As of September 16, 2013, the IRS has revised procedures for spouses who wish to request equitable relief from tax liability under the innocent spouse rules. Significant changes were made to previous guidance, mainly that the IRS will now give greater weight to proof of economic hardship and abuse in marital situations.
With these changes, more claims are being filed and taxpayers can move toward fitting into Rev. Proc. 2013-34’s more nuanced considerations of the facts and circumstances. It’s also likely that equitable relief will be granted more since the two-year limitation period has been lifted. Taxpayers may now consider whether the new criteria favor a filing or revising a previous request for innocent spouse relief.
When a couple file a joint return, each is jointly and severally liable for the full amount of tax on the couple’s combined income, including any tax deficiencies assessed after an audit. To redress this harshness of the joint/several liability rule, the code was implemented to allow an innocent spouse to request three types of relief provisions: (1) Relief to “innocent spouses” who were unaware of tax understatements attributable to the other spouse; (2) Allows joint return filers who are widowed, divorced, legally separated, or have lived apart for at least one year to limit their liability for deficiencies on the joint return; (3) Allows joint return filers to avoid liability for unpaid amounts of tax shown on joint returns as filed, but not paid, or allows joint return filers to avoid liability for a deficiency that does not qualify for relief under either Code Sec. 6015(b) — traditional innocent spouse relief — or Code Sec. 6015(c) — allocation of liability.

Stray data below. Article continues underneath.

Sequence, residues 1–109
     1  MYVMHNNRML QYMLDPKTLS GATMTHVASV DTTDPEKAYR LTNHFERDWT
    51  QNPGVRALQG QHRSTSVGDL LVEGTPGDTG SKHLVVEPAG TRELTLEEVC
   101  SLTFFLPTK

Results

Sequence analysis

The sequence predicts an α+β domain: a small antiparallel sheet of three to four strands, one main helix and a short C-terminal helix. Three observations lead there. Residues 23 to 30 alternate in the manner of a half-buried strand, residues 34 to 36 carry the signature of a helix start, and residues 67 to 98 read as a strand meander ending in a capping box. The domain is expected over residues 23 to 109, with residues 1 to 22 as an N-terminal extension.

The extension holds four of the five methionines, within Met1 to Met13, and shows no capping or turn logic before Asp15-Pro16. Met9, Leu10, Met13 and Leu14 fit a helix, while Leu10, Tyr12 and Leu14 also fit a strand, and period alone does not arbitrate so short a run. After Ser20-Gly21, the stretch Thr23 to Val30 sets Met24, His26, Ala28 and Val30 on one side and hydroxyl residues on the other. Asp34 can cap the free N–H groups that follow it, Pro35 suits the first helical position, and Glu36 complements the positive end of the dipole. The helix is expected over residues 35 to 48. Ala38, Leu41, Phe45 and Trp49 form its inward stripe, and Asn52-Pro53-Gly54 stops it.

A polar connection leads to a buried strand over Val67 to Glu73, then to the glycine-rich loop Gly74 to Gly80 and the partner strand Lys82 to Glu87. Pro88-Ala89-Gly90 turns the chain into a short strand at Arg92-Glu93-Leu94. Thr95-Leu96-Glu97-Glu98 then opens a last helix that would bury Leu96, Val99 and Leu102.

To be considered for relief, the requesting spouse must have filed a return for the year in which relief is sought, assets weren’t transferred between spouses as part of a fraudulent scheme, disqualified assets were transferred, the spouse seeking relief didn’t file a return with intent to defraud, and liability from which the requesting spouse seeks relief is attributable to an item or underpayment resulting from the nonrequesting spouse’s income. Generally, relief will be granted if the requesting spouse is no longer married or hasn’t been a member of same household at any time during a 12-month period ending the date relief was requested; if at the time the return was filed, the requesting spouse had reason to believe that tax would be paid by the other spouse; and if the innocent spouse would suffer economic hardship if relief wasn't granted.
To obtain relief under these above provisions, make a timely election on IRS Form 8857 no later than two years after the IRS begins a collection process. Request for equitable relief of an unpaid liability must be made before the expiration of the period of limitations on collection of a tax liability, or generally within 10 years from assessment of the tax. When making claim for credit or refund, the request must be made the later of three years from the date the return was filed, or two years from the date the tax was paid.